What’s New in the Climate Web?

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August 15, 2017

First, we’ve significantly updated and improved the Climate Web’s Index in just the last week.  With more than 1,700 Index entries there’s always room for improvement. Check it out, and we welcome your reactions!

I’m not focusing on a particular topic today as I did a couple of weeks ago when I looked at Prediction Markets in the Climate Web. For today, I’ll sample some of the many items we’ve recently added to the Climate Web. As always in some cases, I’ll link you to stories directly, as opposed to sending you to the Climate Web where you would have to click on the story’s URL anyway. But everything I point you to below is in fact integrated into the Climate Web.

First, another 1,000 pages of climate science have hit the bookshelves with the leaked draft of the Global Change Research Program’s (GCRP) Special Science Report and the annual State of the Climate Report for 2016. The GCRP report is discussed here in a Think Progress blog, and the full report is here in the Climate Web. The State of the Climate report is summarized here in the Atlantic Magazine, and the full report is here in the Climate Web. I will note that finding “here’s what’s really new when it comes to climate change” insight is very difficult in both reports, buried as it is in 1,000 pages of technical discussion.

But there’s plenty more to explore when it comes to recent Climate Web additions:

  • Amidst all of the discussion regarding a low-carbon transition, can we measure and track how confident we should be in policy movement toward a low-carbon transition? It’s challenging, as explored in a Centre for Climate Change Economics and Policy White Paper; you can explore its key points here in the Climate Web.
  • Following up on the last point, the investment firm Schroders has come out with a Climate Progress Dashboard. This Dashboard is intended to provide a best-available projection of likely temperature increases (see figure). It’s the most innovative such estimate I’ve seen!

chart of temperature projections

  • Switching gears, what’s the carbon footprint of American pets? A new report suggests it’s impressive at roughly 25% of the human fingerprint.
  • Because climate change is all about probabilities, it’s great to see the New York Times incorporating probability distributions into a story about summer temperatures. Speaking of summer temperatures, many temperature records are being set this year, but did you know that in July Death Valley had the hottest month ever recorded on Earth?
  • There’s tons of discussion about the need to phase out coal (and fossil fuels in general), so it’s interesting that debate has been expanding as to whether to start mining undersea methane hydrates for energy. It is a massive potential source of both energy and COemissions.
  • When we impose carbon taxes to help control those emissions, do those taxes work? A new paper looking at the empirical impact of carbon taxes on gasoline use and emissions in Sweden comes to interesting conclusions (but remember that Sweden’s carbon tax is at $132/ton!).
  • I’m sure you remember some of the news coverage of “what Exxon knew and when did it know it.” Now there is a similar piece — reviewed here by Inside Climate News — about what electric utilities knew and when did they know it. The report is here in the Climate Web, and it provides extensive links to documents located in the cloud at an interesting website called Climate Files, set up specifically to host such documents. Hard to tell what’s really there, but the website openly solicits submittal of any and all relevant corporate documents.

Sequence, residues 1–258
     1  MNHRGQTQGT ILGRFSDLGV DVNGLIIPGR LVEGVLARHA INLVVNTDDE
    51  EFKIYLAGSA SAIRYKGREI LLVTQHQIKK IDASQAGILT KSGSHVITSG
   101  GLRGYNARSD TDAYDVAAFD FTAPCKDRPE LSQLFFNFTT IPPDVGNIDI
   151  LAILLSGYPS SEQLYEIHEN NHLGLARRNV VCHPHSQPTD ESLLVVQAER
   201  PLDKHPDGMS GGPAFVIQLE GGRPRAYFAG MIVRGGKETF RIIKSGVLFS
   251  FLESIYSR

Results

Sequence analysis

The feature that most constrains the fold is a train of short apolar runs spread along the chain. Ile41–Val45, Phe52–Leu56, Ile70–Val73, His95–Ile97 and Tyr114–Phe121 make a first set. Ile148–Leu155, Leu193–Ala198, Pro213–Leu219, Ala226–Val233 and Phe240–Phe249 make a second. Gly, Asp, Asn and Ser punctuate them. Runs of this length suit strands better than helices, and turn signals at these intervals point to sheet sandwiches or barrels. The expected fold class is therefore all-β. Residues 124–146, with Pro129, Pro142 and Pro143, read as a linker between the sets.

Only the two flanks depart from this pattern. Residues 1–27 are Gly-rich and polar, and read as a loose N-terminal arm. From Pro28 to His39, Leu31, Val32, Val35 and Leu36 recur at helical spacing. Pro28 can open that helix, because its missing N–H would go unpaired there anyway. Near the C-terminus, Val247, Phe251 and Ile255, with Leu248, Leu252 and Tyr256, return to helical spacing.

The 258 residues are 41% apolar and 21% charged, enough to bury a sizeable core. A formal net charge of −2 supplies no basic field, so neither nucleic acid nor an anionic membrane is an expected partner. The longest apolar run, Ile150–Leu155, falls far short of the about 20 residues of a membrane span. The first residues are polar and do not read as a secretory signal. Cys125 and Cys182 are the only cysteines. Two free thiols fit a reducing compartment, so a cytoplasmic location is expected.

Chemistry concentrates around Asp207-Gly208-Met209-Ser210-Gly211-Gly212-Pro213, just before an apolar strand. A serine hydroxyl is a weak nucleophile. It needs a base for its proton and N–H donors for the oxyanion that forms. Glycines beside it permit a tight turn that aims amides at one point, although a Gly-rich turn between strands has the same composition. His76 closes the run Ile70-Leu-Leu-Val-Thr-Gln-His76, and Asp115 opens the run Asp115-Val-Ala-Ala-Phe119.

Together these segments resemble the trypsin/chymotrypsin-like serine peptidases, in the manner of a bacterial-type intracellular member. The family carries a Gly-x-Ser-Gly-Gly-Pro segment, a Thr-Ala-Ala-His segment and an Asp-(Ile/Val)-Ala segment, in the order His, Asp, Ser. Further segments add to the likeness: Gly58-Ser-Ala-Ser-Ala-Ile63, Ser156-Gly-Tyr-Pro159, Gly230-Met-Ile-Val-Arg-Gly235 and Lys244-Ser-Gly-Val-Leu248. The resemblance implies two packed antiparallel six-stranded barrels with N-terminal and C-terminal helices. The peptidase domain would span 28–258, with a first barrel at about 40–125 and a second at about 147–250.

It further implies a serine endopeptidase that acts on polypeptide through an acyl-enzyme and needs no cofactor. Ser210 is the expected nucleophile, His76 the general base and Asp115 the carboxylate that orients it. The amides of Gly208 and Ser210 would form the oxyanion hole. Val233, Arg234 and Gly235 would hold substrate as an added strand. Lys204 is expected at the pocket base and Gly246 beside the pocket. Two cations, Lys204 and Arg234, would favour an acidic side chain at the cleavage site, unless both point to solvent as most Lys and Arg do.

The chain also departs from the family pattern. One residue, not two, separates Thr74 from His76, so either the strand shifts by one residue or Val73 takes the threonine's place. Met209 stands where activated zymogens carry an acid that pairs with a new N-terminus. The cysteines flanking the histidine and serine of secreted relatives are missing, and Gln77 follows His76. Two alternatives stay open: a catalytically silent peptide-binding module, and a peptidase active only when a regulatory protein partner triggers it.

• A website just added to the Climate Web is the Historical Climatology website, identified as a site dedicated to environmental history and the extraction of lessons from past environmental experiences to apply to today’s climate problem.

Last, as you know, the long-term nature of climate change is one of the biggest challenges to mounting an effective societal or policy response. There’s a large literature on the problem of economic discounting in the Climate Web, but it can get pretty technical. I was interested to see a recent piece on Medium that explores in a fun way how we as individuals discount the future in our everyday lives. If you’re not fluent in discounting, it’s worth the read.

Listing a few recent additions to the Climate Web doesn’t do any topic justice, partially because I’ve flagged only about 10 of the 1,000 recent additions to the Climate Web, and partially because simply sending you to the story doesn’t give you an accurate feel for how much you can learn about these topics in the Climate Web, where individual stories are woven into a much more comprehensive knowledge web.

In any case, I hope you’ve seen something interesting to you, and that you’ll check it out in the Climate Web! If that is the case, consider supporting our Climate Web Patreon Project, and thanks to our existing supporters!

About the author 

Mark Trexler

Mark has more than 30 years of regulatory and energy policy experience. He has advised clients around the world on climate change risk and risk management. He is widely published on business risk management topics surrounding climate change, including in the design and deployment of carbon markets. Mark has served as a lead author for the IPCC and holds advanced degrees from the University of California at Berkeley.

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